May 24, 2018
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Bucksport councilors pass on buying Jed Prouty building

Rich Hewitt | BDN
Rich Hewitt | BDN
The Jed Prouty Inn in Bucksport has been vacant for several years.
By Rich Hewitt, BDN Staff

BUCKSPORT, Maine — Town councilors have rejected the idea of the town buying the vacant Jed Prouty building on Main Street — at least for now.

Councilors met in executive session last week to discuss the possibility of purchasing the Jed Prouty as part of an ongoing effort to have the 228-year-old building redeveloped into a functioning Main Street business.

The town has been actively involved in marketing the property and Town Manager Roger Raymond said he raised the issue of purchasing the building as an alternative to the work the town has been doing. Councilors, however, balked at the idea of the town buying the property.

“The council indicated that they would prefer to see the property purchased by a private developer,” Raymond said Thursday.

The Jed Prouty was built in 1783 as  a residence in a prominent location on the town’s Main Street. It was altered in 1820 when it began operating as an inn and restaurant. The building served most recently as an assisted living facility, but has been vacant since 2004. The building has deteriorated since then, most noticeably its sagging front porch which the town ordered shored up last year.

Despite the council’s decision not to make an offer to buy the property, the town will continue its involvement in efforts to see the former inn redeveloped. Those efforts could include seeking state grant funds to help a potential developer make the needed repairs to the building. Bucksport’s economic development director, David Milan, has met directly with developers interested in the property, but many have been discouraged by the potential cost of repairs.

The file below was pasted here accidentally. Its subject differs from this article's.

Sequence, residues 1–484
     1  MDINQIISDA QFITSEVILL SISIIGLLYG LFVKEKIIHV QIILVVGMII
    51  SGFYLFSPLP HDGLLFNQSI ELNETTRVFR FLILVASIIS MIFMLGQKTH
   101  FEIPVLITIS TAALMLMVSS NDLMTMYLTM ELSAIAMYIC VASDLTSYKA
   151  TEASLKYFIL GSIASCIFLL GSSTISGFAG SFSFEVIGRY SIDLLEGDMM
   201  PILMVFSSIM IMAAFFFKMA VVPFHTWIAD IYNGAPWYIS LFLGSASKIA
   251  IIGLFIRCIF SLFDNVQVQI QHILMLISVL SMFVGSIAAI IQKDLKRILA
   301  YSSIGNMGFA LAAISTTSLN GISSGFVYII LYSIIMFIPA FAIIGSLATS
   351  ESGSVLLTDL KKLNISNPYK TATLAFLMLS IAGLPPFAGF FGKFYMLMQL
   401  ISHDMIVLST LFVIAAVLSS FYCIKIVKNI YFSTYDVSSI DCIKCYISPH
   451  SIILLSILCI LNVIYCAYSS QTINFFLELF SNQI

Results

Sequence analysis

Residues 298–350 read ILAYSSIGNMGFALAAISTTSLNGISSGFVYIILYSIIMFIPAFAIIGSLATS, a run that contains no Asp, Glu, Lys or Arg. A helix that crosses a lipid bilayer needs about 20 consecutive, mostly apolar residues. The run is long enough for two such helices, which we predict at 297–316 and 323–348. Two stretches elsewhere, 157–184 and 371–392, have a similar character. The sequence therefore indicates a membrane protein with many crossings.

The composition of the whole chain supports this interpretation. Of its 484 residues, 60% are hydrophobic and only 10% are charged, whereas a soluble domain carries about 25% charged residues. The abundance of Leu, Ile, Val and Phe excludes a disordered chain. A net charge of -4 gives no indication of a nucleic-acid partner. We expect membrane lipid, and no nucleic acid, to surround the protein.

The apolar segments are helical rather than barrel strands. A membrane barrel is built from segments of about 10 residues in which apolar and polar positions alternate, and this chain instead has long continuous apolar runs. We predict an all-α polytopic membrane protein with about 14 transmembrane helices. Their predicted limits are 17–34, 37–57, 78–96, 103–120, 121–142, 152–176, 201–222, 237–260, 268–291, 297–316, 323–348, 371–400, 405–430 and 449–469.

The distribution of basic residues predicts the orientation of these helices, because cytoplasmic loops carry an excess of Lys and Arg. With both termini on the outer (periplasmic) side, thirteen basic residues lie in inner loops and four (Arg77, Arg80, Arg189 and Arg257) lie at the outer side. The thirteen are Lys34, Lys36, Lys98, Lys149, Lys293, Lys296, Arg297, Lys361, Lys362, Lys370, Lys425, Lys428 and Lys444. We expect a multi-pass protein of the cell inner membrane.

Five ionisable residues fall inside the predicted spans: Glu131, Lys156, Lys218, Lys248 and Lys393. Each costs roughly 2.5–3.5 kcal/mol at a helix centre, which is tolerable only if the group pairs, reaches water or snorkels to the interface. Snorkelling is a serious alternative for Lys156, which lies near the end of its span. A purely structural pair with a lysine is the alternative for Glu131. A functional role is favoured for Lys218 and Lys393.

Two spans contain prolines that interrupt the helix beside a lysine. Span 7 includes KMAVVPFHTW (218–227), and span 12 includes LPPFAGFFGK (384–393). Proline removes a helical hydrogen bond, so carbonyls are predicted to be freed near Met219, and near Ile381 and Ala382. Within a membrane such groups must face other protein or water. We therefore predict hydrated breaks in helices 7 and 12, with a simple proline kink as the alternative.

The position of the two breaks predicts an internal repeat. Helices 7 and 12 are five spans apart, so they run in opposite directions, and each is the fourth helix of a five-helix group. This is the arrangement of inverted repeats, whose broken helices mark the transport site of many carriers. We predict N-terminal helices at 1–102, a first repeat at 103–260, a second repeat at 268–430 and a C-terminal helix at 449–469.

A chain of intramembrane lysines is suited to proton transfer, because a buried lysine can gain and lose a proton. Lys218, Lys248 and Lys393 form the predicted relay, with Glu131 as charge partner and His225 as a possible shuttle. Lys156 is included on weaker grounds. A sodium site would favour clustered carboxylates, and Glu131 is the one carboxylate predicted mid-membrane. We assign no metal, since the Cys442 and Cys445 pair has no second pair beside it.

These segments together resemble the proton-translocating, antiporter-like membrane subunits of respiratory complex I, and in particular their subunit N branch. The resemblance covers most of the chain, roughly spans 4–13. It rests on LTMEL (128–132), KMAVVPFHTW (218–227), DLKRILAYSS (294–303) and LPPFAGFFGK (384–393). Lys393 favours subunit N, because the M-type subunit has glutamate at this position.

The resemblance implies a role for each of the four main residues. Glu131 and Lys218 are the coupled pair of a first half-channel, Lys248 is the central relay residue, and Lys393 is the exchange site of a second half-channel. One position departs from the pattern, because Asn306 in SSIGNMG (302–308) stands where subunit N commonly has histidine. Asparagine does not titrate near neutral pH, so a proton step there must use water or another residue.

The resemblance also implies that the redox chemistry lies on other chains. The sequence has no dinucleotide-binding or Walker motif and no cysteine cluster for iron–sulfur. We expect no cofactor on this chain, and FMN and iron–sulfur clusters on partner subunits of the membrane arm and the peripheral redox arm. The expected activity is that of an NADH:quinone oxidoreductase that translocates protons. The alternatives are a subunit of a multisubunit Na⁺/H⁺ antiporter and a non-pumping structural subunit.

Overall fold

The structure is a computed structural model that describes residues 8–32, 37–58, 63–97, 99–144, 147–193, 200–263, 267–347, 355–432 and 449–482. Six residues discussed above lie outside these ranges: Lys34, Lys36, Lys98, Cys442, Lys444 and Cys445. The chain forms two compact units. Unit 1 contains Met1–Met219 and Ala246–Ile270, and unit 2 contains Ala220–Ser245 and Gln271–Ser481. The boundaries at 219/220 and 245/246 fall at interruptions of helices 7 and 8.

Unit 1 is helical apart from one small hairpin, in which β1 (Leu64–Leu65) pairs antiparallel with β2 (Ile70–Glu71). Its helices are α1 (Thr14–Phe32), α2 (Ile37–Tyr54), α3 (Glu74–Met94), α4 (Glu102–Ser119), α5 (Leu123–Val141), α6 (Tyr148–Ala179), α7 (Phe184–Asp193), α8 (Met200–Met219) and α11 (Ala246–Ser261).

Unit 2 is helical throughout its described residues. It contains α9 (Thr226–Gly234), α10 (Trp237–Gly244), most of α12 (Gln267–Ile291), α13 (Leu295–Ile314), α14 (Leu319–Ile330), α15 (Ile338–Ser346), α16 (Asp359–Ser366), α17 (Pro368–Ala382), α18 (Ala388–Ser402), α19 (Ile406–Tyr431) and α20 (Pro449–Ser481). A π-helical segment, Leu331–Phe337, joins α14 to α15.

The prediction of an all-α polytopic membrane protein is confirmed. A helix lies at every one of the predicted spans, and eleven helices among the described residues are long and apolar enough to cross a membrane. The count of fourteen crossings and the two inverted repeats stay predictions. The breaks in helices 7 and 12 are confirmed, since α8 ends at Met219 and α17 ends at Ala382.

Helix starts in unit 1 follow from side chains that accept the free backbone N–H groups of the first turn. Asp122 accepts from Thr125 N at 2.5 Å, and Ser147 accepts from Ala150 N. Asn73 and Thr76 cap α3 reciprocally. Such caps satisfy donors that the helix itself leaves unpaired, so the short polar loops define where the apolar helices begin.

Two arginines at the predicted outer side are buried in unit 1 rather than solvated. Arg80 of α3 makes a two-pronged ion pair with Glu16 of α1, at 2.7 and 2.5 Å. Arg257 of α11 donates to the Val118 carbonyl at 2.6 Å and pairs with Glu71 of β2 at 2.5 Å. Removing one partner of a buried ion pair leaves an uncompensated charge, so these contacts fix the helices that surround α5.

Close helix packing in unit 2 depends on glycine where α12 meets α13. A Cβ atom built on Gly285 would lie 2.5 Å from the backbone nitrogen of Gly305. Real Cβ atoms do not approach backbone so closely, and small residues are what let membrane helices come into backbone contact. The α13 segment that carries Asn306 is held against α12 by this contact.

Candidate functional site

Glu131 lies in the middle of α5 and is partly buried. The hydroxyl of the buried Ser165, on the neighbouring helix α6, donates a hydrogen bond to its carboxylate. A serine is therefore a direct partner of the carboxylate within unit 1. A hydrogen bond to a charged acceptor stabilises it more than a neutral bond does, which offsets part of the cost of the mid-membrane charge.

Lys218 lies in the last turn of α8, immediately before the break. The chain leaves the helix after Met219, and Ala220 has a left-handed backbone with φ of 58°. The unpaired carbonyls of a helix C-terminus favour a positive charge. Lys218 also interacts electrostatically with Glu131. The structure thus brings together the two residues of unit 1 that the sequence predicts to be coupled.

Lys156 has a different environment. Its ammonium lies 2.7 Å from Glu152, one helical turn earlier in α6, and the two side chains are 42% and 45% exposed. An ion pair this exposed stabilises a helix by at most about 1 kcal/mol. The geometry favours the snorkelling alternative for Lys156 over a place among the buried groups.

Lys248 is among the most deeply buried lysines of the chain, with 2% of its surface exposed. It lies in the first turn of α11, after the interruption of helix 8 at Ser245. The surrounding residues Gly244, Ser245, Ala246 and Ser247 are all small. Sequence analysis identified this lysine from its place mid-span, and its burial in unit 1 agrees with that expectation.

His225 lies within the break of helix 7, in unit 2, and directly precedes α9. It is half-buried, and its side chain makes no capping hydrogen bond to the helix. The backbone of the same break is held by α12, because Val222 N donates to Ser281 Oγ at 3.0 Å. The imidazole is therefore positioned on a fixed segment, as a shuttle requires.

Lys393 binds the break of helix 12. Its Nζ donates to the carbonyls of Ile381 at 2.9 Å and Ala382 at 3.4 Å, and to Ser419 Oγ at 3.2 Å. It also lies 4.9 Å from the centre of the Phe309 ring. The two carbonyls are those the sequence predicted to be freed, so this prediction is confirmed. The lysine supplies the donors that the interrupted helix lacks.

Recently, the town paid for an architectural survey of the property to get an estimate of the cost of repairs. According to Raymond, the estimate came in at about $281,000. The bulk of those costs were in repairs to the front porch and a retaining wall, along with the purchase of a new furnace.

The town is looking into a new state grant program, Communities for Maine’s Future, that provides funding to improve buildings in the state’s downtown areas.

Although initial indications were that, in order to qualify for grant funding, the building would have to provide some public benefits — such as housing — Milan said Thursday that state grant administrators indicated at a recent hearing that making repairs to a building such as the Jed Prouty, which is listed on the National Register of Historic Places, would serve the public good and could be eligible for funding.

The grant program, which is funded through a bond issue approved by voters in November, provides up to $400,000 for approved repairs. The town would have to apply for the grant funds, but could do so on behalf of a committed developer.

“We would have to find a developer who is interested in purchasing the Jed Prouty,” Milan said. “Potentially, we could apply for funding to redevelop the building.”

The grant program has a June deadline for the town to submit a letter of intent.

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